[HARDWARE] A load of motherboards: progress to date.

NP np at cableinet.co.uk
Tue Jun 30 23:32:58 EDT 1998

A couple of months ago I posted my proposed plan to stick a load of
motherboards in a box.
There seemed to be some interest, so here's an update.

I decided that a whole load of 486's was only going to be as good as a
couple of Pentium-II's and probably not worth the effort.  So, I decided
to go for Cyrix M2 200MHz chips (@233MHz) (good value I think).
The idea was to keep the boards pretty well bare; CPU, fan, 8MB RAM,
slim network card with EPROM boot chip, and to run multiple boards from
a small number of large power supplies.

Booting without video cards, despite positive information from
BIOS manufactures, turned out to be problematic, like the few boards
I tried to boot, would NOT, despite setting the BIOS to "Halt on NO
errors" (or whatever).  They wouldn't play.  The solution was to employ
TX PRO boards with on-board video (and sound, although surplus to
requirement) (again, good value I think).  Obviously these work fine
without video cards plugged in.  The on-board video insisting on taking
a minimum of 1MB of the available 8MB RAM is a little annoying, but it

I chose to use Linux to get good networking facilites with good use of
minimal RAM.  (And it's my preferred o/s in general anyway).

The power supply idea was a bit iffy / risky.  I knocked up a couple of
chocolate block connectors on a block of wood, put this in-line between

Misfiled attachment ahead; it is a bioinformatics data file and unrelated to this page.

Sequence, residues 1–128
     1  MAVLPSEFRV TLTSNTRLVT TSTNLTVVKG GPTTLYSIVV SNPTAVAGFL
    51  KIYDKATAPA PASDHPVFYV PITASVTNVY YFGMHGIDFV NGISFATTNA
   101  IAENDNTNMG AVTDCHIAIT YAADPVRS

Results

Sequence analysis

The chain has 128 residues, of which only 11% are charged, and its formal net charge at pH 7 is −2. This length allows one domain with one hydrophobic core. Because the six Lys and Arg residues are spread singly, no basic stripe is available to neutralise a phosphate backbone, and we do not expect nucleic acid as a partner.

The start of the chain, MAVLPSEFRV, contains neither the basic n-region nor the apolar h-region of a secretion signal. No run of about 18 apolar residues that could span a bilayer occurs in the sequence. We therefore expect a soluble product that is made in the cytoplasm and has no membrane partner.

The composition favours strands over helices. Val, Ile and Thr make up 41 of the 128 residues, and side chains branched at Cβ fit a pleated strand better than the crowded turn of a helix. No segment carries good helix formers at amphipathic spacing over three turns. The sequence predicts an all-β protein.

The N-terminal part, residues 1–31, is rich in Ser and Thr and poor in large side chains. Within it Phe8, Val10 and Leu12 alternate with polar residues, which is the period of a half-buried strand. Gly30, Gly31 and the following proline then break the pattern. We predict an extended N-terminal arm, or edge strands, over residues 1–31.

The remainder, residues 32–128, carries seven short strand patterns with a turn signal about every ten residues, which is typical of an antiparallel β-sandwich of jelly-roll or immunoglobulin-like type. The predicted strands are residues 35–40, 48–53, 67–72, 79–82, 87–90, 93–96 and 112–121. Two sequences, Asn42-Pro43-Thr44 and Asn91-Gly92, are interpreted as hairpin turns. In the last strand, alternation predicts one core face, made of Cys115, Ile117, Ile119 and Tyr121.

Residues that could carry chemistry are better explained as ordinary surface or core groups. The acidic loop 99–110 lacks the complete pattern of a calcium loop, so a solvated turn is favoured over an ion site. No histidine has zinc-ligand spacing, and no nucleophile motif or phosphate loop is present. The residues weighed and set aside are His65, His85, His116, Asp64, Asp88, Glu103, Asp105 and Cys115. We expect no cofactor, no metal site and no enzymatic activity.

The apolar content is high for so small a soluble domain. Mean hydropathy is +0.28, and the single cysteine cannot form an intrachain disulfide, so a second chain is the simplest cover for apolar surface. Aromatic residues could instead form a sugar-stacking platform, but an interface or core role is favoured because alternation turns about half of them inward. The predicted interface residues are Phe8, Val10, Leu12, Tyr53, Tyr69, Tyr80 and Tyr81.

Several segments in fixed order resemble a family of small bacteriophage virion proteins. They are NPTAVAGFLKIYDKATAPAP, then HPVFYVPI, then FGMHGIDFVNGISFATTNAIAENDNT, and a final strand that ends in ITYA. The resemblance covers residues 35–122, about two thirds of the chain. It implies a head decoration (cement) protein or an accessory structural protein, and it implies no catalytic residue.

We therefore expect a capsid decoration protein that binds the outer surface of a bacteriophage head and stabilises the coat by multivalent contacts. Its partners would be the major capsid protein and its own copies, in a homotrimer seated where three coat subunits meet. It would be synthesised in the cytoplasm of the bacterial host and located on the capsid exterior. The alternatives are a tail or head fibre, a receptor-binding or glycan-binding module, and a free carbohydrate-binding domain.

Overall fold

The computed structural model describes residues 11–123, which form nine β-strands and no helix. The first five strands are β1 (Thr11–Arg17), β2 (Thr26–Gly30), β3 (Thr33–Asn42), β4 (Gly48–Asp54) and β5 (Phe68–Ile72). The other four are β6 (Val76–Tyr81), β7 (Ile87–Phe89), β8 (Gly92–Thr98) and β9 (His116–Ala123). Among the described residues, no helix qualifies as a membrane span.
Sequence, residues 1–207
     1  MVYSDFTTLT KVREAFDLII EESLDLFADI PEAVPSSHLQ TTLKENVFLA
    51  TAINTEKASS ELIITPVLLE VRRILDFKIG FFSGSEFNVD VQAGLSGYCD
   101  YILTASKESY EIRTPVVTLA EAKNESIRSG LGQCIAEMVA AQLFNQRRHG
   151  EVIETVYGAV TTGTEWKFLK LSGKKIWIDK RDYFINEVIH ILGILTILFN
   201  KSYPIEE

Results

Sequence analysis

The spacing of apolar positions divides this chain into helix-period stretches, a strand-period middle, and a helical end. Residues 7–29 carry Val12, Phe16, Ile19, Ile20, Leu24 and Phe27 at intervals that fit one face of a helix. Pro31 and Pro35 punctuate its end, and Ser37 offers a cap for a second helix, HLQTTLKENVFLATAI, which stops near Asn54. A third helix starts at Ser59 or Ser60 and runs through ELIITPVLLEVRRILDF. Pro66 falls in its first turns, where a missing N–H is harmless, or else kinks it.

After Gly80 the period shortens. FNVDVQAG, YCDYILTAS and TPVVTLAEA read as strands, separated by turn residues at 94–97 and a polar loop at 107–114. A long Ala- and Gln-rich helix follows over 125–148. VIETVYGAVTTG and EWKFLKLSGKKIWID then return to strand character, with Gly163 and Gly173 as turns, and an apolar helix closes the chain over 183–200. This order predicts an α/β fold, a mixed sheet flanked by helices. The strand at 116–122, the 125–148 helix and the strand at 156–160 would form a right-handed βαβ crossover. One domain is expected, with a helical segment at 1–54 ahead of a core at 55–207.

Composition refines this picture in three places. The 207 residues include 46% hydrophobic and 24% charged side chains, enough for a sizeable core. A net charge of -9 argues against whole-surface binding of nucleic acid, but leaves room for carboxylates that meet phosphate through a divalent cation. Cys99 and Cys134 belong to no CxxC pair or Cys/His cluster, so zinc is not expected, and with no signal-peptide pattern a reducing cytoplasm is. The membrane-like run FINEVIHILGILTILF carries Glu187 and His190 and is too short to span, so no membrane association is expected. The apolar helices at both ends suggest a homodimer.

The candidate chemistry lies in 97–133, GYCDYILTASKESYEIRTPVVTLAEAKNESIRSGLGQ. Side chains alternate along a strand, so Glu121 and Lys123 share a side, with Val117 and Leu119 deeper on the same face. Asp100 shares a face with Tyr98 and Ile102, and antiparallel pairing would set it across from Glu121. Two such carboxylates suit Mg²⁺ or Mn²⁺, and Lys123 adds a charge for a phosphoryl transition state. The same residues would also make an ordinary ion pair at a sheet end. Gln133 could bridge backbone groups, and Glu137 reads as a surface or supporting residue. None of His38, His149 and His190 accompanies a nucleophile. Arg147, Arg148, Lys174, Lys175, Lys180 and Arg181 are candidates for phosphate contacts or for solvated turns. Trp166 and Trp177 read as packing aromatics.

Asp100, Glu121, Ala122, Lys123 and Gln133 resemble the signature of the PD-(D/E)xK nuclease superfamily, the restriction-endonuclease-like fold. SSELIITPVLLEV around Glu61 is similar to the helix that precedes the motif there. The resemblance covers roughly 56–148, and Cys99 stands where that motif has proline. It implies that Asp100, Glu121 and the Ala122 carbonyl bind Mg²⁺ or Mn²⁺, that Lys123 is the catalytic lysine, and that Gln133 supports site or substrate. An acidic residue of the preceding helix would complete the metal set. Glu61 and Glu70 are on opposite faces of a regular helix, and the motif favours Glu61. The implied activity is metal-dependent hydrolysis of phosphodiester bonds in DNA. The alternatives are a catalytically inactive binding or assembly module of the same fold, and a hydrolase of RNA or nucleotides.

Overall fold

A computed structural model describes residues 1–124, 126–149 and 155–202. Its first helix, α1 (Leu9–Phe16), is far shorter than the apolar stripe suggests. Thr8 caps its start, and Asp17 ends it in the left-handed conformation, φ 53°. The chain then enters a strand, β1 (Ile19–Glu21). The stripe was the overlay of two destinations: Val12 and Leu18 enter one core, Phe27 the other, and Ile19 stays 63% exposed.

the PSU and the m/b, inserting an ameter in-line with each rail in turn,
booting and measuring the current.  The total came to 265mA (not
including the CPU fan which is generally about 60 - 80mA); not much at
all.   The next step was to T off a parallel output from this hi-tech
block of wood and try running 2 m/b's.  The result ?  - it works, no
problems.  Current wise, I reckon a 375W PSU *should* probably run about
6 boards but I think I'll keep that number down to 4 to be safe (time
will tell).  As the CPU fans don't require a fancy PC PSU, I'll run them
independantly off some other simple 12V DC supply (possibly have 2
supplies running, with the in-use one holding relay contacts to one
side, making the connection to the fans.  If the primary supply fails,
the contacts will swing to the other [default] position and supply the
fans from the secondary supply - maybe overkill but I like the idea).
NetBoot for Linux was used to produce 16KB boot images for the EPROMS
(certainly didn't want the hassle of power / heat / space / cost with
loads of hard drives).  I now have 3 boards succesfully booting kernel
images from a server and mounting their file systems via NFS.
The next stage is to cable up the PSU arrangements, then throw in a few
more units.

The final stage will perhaps be to run a few LED / LCD display gadgets
off some parallel ports, (just for a bit of fun), for stats, messages,
and most importantly; impressive flashing lights.

And so far there has been only 1 small whiff of smoke !  This occurred
when a second hand PSU bailed out due to the complete lack of a fan (if
only I'd noticed that beforehand - no wonder it was quiet !).

Not quite FPGA technology but that's the toy so far.

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